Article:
Liquefied Natural Gas Carrier Vessel at sea

Avoid Liquidating Safety Procedures: LNG Processing Hazards & How to Protect Your Workforce

Natural gas currently makes up about a quarter of the world’s energy provisions. In a global effort to reduce our carbon emissions, more and more countries are turning to liquefied natural gases (LNG) as an alternative to traditional fossil fuels. LNGs emit 30% less carbon dioxide than oil and up to 60% less than traditional coal plants.

Natural gas is primarily composed of methane, usually between 70-90% of the compound, which is so light in its composition that it’s even lighter than air. In its gaseous state, the fuel takes up significant storage space compared to that of a liquid. It, therefore, undergoes a liquefication process, so that much higher quantities of fuel (approximately 600 times as much) can be stored and transported. For this to happen, the gas must be cooled to -162C/-265F within containers and pipes that are cooled using nitrogen. The liquefied gas is then commuted to a specialised tanker, which can take the fuel to its end destination for processing.

Throughout the process, the liquefied natural gas is transported through pressurized pipes and specialist cargo ships. Due to the high pressure, there is a constant threat that any of the pipes could spring a leak. The pressure would cause the LNGs to be ejected at a high velocity, quickly dousing any nearby workers. As a protective measure, all workers involved must wear appropriate clothing and gloves to protect their skin from any contact with the product. Due to the intense cold of LNGs, if the skin is exposed to them, it can cause extreme and permanent damage to the skin through cryogenic burning.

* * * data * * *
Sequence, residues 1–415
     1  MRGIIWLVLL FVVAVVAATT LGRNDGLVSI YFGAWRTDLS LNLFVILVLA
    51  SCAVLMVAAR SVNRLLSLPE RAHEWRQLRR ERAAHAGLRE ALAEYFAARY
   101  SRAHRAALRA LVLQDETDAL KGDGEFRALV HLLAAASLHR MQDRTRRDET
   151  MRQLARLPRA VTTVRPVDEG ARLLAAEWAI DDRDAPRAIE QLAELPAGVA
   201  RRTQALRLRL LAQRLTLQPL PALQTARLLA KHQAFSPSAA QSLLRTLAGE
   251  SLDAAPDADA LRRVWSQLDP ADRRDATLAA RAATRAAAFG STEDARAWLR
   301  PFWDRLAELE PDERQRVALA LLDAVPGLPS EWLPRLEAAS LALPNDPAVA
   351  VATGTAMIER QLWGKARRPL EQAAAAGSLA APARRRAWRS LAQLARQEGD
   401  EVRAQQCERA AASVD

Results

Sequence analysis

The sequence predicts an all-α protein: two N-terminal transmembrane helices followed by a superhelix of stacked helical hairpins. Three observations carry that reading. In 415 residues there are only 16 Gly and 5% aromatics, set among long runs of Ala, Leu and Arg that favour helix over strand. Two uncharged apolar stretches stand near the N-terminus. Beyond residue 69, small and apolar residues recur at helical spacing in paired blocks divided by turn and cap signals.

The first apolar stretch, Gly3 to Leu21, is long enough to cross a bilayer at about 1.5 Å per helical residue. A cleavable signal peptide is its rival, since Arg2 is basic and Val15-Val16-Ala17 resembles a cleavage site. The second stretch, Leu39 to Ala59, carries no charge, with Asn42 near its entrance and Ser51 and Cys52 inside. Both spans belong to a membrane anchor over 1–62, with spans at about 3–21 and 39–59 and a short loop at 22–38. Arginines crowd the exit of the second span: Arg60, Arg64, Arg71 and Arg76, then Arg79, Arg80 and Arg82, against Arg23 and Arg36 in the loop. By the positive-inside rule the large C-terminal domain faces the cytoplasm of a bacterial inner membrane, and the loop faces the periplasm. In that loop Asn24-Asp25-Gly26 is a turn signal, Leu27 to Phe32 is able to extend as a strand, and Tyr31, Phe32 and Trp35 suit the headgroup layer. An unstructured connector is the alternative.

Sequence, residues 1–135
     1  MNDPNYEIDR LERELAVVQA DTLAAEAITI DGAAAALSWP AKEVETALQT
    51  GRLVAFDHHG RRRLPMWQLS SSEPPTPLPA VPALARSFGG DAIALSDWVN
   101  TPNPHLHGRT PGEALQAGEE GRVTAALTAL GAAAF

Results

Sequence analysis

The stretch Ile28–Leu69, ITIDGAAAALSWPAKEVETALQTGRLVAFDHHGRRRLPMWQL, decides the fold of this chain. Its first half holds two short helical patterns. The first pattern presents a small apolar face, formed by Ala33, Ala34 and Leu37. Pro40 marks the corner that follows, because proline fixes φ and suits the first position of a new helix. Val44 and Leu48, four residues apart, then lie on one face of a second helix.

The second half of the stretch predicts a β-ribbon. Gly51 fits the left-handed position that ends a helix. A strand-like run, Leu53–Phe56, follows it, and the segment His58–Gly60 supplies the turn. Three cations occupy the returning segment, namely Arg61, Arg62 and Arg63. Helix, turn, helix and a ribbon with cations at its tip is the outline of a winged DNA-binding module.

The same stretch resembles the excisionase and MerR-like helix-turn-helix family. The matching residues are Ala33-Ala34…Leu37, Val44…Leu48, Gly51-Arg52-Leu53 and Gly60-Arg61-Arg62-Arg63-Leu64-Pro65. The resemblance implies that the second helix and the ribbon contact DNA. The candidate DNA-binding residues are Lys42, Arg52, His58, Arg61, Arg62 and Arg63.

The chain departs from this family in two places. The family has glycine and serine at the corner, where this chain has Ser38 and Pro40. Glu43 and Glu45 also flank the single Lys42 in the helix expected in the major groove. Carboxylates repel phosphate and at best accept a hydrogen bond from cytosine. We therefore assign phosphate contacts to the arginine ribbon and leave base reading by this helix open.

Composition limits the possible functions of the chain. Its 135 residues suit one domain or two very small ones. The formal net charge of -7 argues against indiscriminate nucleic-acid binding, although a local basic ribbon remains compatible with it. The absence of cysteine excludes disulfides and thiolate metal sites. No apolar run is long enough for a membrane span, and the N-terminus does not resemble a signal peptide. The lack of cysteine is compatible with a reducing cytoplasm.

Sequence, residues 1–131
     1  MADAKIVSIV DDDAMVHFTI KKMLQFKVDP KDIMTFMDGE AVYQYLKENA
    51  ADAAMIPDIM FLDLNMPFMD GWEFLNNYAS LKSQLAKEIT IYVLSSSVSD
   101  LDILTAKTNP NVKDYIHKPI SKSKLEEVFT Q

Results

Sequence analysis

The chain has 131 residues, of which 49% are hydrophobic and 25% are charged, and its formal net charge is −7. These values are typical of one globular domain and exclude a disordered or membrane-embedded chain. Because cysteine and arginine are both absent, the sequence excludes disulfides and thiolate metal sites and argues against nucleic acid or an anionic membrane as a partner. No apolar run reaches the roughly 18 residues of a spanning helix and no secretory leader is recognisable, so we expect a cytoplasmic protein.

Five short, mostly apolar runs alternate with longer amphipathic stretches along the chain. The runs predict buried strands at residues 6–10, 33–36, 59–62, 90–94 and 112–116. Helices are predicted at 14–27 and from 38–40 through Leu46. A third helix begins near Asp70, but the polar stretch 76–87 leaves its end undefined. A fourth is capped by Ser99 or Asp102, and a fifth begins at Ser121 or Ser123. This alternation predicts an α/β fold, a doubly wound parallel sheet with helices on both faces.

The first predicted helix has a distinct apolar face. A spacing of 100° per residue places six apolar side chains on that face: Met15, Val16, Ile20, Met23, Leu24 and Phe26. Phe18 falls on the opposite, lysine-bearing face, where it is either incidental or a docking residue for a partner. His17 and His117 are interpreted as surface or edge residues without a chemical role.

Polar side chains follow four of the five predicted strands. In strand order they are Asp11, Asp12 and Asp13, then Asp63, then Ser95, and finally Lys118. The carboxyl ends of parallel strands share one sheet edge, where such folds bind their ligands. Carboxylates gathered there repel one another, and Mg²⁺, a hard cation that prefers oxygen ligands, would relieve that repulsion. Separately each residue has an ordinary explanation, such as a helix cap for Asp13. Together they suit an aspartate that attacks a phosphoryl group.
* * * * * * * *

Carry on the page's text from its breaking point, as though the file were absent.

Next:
RELATED: International Safety Standards


Should a leak occur, safety showers should be positioned within 10 seconds’ reach of any pipework to provide quick relief to affected workers and comply with ANSI standards. ANSI and European standards stipulate that water from a safety shower should be maintained within a tepid range of 59-100F to prevent subjecting them to further harm, such as hypothermia caused by freezing water or scalding due to hot temperature.

Hughes manufacture a range of water tempering safety showers. Tubular showers such as the EXP-AH-2GS trace-tape heated wall mounted shower can be installed at the site as a space-saving alternative. The trace-tape heating provides frost protection to the pipework when exposed to extremely cold conditions. On the LNG cargo ships, which are prone to movement from the water, a plumbed-in safety shower is mandatory. In such environments, the STD-SD-32K/45G cubicle safety shower provides a dedicated demarcation zone for decontaminating and comes with an internal eye wash as an all-in-one solution.

For remote regions without a reliable water source Hughes offer a range of immersion-heated emergency tank showers. The 1500L variant ensure compliance to all standards by providing over 15 minutes of water to thoroughly decontaminate the user. An internal eye wash is a standard feature of Hughes tank showers, providing an all-in-one safety solution.

To discuss the safety requirements of your site, contact Hughes for a quote and expert advice.


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